Back to . .

At the start of 2020, I was in a good place, there felt like there was starting to be some genuine momentum behind me, Leicester Comedy festival was fabulous, my new stand up show ‘Millennial Generation Game’ felt like one of the best things I’d ever done,  stand up itself seemed to be going well and felt for the first time in a while that I knew exactly who I was on stage, and I had just been accepted to have my comedy/theatre show ‘Eugene’ on at Pleasance at the Edinburgh fringe presented in partnership with York Theatre Royal (thanks to my fabulous producer/agent Susanna).  Everything was exciting, and although I was nervous about Fringe and taking two shows up, it was all still exciting.

And then the Pandemic struck, and my god I was bored. Everything evaporated, I don’t need to tell you about it, you lived it, but man alive the novelty of waking up, turning on my laptop to check emails (a token gesture) and then playing video games for the rest of the day started to wear thin. Thinking back to it now, it seems like an endless panic holiday, where you can’t quite relax, but there’s also not a huge amount to do. I did do a lot of running though. And was amazing at how hot it was in August – the first one I’ve spent fully in England since 2010.

Arts council England (ACE) started taking submissions again at the end of the Summer. And that’s when things started moving again for me, as much as I am a comedian, a maker of shows, my side hustle (and the one that brings me the dollar) is working with artists and theatre makers on arts council projects, applying for them and managing them.

In many ways applying to ACE is like applying for a gig, hundreds of people competing for that same spot, but instead of sending an email with a cv into the ether and probably not hearing back, it’s very much a case of submitting a business plan and waiting six weeks to hear back if you’re successful. It’s just as much of a rat race as the comedy circuit is, but the money is better, and you get paid to make a show, which doesn’t really happen in comedy.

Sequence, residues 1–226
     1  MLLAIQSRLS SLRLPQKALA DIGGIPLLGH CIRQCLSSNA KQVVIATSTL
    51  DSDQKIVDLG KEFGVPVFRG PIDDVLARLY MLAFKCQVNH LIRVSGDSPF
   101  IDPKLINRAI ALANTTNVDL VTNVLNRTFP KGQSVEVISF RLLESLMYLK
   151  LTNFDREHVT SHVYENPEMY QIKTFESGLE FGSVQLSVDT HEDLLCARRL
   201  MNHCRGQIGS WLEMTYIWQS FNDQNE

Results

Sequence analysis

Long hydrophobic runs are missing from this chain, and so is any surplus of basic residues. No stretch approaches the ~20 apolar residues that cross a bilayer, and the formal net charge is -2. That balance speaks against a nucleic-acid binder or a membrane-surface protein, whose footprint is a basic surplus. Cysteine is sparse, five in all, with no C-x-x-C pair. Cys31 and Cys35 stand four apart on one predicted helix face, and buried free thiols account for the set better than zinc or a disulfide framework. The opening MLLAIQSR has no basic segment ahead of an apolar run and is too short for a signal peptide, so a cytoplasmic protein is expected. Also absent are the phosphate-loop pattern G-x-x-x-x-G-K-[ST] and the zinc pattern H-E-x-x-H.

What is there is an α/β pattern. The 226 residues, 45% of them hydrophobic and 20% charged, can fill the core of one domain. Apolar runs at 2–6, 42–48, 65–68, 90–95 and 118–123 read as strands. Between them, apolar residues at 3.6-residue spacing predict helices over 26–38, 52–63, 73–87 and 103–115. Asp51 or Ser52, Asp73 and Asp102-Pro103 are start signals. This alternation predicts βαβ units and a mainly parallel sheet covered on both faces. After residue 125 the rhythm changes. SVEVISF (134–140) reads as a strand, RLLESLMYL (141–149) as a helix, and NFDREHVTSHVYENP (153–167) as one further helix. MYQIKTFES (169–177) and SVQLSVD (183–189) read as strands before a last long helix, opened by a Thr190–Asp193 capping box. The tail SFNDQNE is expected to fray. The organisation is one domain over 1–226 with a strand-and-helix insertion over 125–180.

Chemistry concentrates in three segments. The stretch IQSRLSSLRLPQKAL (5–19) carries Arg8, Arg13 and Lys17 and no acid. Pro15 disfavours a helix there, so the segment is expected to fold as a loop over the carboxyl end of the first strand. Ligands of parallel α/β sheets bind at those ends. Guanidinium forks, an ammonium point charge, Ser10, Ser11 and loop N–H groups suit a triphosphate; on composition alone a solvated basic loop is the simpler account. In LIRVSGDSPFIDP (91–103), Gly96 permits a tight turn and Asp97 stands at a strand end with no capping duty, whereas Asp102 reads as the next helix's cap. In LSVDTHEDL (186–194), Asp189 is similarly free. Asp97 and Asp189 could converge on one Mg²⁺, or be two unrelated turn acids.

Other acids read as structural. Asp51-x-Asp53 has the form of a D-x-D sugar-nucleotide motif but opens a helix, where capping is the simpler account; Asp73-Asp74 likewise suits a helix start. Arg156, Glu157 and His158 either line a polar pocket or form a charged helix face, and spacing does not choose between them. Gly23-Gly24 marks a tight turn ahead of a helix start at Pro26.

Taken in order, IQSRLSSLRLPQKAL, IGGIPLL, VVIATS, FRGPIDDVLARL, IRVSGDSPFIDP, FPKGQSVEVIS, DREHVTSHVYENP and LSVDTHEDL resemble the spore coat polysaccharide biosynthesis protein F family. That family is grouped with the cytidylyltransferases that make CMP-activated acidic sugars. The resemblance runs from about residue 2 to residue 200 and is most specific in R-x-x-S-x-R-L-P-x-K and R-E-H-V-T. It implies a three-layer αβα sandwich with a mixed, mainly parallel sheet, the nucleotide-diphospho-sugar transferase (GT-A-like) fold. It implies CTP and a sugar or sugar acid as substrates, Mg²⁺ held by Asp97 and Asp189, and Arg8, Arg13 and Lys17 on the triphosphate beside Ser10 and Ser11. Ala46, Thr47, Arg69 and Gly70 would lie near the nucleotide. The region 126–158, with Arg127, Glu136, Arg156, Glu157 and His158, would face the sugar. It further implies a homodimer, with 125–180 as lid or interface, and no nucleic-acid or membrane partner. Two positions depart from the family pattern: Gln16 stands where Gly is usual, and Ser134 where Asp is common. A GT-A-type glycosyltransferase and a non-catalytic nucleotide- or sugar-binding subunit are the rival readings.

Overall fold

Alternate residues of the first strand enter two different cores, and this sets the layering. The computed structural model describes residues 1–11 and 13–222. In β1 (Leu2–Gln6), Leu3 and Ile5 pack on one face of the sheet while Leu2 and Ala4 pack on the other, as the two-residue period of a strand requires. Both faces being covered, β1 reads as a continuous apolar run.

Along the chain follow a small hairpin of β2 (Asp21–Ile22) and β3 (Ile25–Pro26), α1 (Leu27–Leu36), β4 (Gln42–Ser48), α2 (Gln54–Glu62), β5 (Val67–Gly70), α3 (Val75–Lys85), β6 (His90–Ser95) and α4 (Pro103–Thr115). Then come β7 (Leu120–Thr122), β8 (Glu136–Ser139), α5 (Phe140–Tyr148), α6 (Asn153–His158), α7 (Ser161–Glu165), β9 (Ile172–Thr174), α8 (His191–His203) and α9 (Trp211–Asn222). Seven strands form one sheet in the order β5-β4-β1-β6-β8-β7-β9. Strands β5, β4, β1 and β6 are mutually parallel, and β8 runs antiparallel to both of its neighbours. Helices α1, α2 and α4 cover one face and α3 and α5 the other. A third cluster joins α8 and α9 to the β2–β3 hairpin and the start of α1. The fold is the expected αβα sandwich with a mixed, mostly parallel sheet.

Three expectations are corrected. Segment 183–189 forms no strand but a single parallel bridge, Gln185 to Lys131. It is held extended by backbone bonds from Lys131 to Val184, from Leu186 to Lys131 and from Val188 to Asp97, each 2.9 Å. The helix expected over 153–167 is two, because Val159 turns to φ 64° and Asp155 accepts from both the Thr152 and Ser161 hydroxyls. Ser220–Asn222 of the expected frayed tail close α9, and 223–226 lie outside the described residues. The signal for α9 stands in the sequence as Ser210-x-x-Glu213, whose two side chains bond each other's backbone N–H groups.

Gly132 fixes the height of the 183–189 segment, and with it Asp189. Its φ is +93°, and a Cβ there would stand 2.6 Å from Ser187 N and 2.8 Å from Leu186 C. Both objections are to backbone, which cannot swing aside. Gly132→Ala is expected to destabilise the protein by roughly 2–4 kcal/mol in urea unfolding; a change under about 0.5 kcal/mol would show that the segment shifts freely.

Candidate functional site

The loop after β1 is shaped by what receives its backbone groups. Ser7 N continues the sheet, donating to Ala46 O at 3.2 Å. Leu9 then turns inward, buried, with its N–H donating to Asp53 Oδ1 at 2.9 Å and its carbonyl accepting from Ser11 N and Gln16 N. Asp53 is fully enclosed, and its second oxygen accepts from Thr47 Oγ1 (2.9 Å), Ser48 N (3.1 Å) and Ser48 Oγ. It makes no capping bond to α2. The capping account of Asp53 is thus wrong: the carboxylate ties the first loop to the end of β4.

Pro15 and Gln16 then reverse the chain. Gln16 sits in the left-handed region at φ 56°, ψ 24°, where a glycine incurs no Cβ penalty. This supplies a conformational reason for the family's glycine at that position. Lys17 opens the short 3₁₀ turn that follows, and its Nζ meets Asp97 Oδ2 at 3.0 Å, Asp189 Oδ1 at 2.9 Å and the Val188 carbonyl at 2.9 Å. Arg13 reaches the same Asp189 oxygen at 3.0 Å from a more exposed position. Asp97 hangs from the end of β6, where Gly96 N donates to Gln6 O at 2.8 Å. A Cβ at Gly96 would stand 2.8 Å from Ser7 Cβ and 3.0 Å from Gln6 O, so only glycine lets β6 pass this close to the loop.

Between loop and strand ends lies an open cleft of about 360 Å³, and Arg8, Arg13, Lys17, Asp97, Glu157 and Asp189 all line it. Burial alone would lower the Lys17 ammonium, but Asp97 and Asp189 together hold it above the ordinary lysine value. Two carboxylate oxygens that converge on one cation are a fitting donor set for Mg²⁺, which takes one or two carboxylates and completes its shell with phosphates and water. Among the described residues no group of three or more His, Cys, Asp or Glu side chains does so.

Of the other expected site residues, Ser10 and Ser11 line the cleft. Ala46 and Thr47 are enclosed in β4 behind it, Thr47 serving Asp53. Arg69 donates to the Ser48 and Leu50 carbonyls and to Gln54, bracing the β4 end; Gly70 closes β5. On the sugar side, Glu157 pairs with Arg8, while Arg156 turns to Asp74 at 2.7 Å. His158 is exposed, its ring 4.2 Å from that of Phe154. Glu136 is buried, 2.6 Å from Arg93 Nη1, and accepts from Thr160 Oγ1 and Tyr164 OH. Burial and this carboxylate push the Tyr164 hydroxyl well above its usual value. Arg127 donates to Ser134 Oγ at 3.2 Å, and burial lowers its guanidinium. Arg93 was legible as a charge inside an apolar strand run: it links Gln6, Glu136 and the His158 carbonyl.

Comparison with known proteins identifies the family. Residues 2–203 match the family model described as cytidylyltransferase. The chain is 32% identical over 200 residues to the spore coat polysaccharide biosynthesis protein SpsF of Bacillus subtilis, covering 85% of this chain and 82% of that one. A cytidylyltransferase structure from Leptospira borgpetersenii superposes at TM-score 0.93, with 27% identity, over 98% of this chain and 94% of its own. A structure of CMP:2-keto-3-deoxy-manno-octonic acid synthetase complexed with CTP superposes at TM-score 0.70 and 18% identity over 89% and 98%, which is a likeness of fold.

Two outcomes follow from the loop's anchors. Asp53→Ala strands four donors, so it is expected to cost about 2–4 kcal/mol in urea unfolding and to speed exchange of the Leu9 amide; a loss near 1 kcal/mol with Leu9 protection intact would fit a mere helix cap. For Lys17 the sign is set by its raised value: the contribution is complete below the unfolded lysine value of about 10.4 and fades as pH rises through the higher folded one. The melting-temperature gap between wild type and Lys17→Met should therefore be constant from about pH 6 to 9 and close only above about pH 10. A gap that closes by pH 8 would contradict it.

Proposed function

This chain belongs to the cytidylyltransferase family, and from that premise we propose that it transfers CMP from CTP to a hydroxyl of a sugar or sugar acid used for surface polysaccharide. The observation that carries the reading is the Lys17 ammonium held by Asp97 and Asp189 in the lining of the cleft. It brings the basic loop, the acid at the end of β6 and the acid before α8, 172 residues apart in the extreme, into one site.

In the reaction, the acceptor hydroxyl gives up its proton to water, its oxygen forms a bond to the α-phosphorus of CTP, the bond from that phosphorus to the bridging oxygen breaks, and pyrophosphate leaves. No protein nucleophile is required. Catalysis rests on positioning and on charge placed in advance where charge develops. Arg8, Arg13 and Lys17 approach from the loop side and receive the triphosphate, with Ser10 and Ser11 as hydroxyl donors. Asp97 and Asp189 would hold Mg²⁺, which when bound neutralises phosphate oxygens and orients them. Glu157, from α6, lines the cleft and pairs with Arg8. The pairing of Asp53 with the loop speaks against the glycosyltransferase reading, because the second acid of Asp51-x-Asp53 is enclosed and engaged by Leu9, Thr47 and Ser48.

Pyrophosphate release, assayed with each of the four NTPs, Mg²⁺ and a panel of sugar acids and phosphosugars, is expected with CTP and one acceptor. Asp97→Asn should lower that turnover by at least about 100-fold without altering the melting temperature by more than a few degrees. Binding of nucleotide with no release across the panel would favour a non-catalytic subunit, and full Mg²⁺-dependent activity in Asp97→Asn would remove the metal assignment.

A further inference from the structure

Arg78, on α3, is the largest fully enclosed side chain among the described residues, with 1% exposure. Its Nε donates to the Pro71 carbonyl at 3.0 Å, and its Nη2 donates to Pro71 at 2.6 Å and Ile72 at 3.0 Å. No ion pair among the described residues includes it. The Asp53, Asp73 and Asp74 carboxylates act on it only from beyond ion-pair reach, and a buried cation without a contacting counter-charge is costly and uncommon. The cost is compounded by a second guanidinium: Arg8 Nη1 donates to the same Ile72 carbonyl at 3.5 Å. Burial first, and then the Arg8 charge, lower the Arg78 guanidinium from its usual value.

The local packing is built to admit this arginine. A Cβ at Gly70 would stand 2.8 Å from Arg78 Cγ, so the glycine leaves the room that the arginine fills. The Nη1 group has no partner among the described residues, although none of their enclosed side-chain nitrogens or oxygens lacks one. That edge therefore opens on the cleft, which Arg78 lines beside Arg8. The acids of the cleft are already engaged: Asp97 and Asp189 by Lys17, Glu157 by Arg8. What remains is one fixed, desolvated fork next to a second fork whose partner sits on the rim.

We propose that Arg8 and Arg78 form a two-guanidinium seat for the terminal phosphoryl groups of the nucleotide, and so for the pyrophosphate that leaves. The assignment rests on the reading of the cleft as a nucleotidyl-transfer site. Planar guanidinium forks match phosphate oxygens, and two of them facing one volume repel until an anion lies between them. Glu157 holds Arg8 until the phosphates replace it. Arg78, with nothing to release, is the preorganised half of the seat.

Anyway I got funding for a second stage of development on Eugene (it had been previously funded by ACE for the initial stage of development) , which by all accounts at this point is a full on theatre show (but has very humorous places), it’s been exciting process. Having conversations with my script editor over zoom, having other people look at the script and tell me it’s not bad, looking at the script for the first time in the year. It’s been a healthy distraction working towards something, being creative, and being proud of what I’m making, that sense of revisiting material and getting excited about your own work again was invaluable after months no creativity whatsoever.

By the time Jan 2021 arrived, I think for a lot of us we’d acclimatised to the pandemic, in our own way, I’ve gotten over my hatred of zoom meetings (almost) and although I’ve not done any online comedy (and have even turned stuff down) I’m happy. In January, I spent two weeks rehearsing Eugene as part of the ACE activity.

I think the oddest thing about that time, is how normal it was, there would be times I’d be driving back from rehearsals forgetting that the pandemic was on, with only the facemask in my pocket as a reminder. In those two weeks I learnt my lines, had meetings with director over zoom (lockdown meant they couldn’t join), lights were sorted, set was made and sorted it was great. But most of all I enjoyed being on a stage and performing. Sure it was only two people in the room (tech team, who were also my housemates), and they were just following the script and necessarily following my facial gestures or when I put impromptu dabs in, but just to do that was amazing, like a breath of fresh air. And the biggest thing, it was so nice to get out of the house. And go to work. By the end of that period, the show was (basically) finished. I had achieved something in lockdown and finished making my show, something that was I was stressing about in Feb 2020 was now finished in Feb 2021.

And now we’re in March, at the time of writing Rishi has just announced the budget, a roadmap is here, and it’s still unclear of Edinburgh Fringe will go ahead (or whether it should), I’m nervous about performing the show (and I guess generally) but also can’t wait to. Hopefully by the end of the year everyone will be able to see what the fruits of my lockdown is – don’t get me wrong there’s a lot I didn’t do in this Pandemic, but I’m grateful to ACE, Susanna and the rest of my team to be able to get Eugene (almost) ready to show everyone, in a less pressured timescale.


  • Daniel Nicholas




Back to . .